What Message Is The Kavanaugh Nomination Fight Sending Young People?
Things aren’t looking so good for Supreme Court nominee Brett Kavanaugh.
Kavanaugh, who was selected by President Donald Trump to replace Justice Anthony Kennedy, has now been accused of sexual assault by two different women and is scheduled to testify in front of an open hearing on Thursday.
Earlier this summer, a confidential letter describing sexual misconduct by Kavanaugh was sent to a top Democratic Senator. Then on September 16th, Christine Blasey Ford, the woman who accused Kavanaugh, publicly spoke out about the experience to the Washington Post. Ford claims both she and Kavanaugh were in high school at the time of the assault. As the Post article describes, “Kavanaugh pinned her to a bed on her back and groped her over her clothes”.
A second accusation came out this past weekend, September 23, through The New Yorker. The alleged victim, Deborah Ramirez, says she was assaulted by Brett Kavanaugh during his freshman year at Yale. As the New Yorker reported on September 23rd, “[S]he remembers Kavanaugh had exposed himself at a drunken dormitory party, thrust his penis in her face, and caused her to touch it without her consent as she pushed him away.”
These accusations will officially be addressed when both Brett Kavanaugh and Christine Blasey Ford (the first accuser) will testify in front of an open hearing this Thursday. In the meantime, Kavanaugh has denied all claims and President Trump has supported his nominee saying “In my opinion, it’s totally political.”.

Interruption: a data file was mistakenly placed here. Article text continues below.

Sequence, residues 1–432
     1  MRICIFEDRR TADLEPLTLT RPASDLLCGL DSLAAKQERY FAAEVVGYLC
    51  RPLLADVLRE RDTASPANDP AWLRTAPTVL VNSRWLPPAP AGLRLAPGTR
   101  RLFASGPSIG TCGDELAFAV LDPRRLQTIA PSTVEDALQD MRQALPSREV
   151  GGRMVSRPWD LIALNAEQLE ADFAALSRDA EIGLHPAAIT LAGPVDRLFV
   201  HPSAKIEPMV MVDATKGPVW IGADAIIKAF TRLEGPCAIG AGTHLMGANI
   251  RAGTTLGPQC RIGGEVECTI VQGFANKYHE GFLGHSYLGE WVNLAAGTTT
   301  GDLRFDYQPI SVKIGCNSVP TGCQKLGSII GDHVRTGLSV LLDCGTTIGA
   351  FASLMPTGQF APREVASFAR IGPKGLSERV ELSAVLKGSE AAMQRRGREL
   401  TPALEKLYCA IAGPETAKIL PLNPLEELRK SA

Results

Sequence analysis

While the White House is still supporting the nominee, many young people are not. Protests and walkouts, driven by students, have been seen in multiple schools and campuses across the country. Yale even cancelled classes because so many students were protesting. Along with several demonstrations, many young people took to social media to voice their opinions.
To many, the nomination of a man accused of sexual assault by multiple women sends a loud message to young people, especially young women.
Brett Kavanaugh was in his teens at the time of the alleged assaults, and some of the messaging by his political allies suggests that sexual misconduct and sexual harassment are no big deal. Now that these sexual assault allegations have surfaced, it is up to the Senate to decide whether Kavanaugh will still be appointed to the Supreme Court. If he becomes a Supreme Court Justice, despite these accusations, what signal would that send to school-aged victims sexual assault?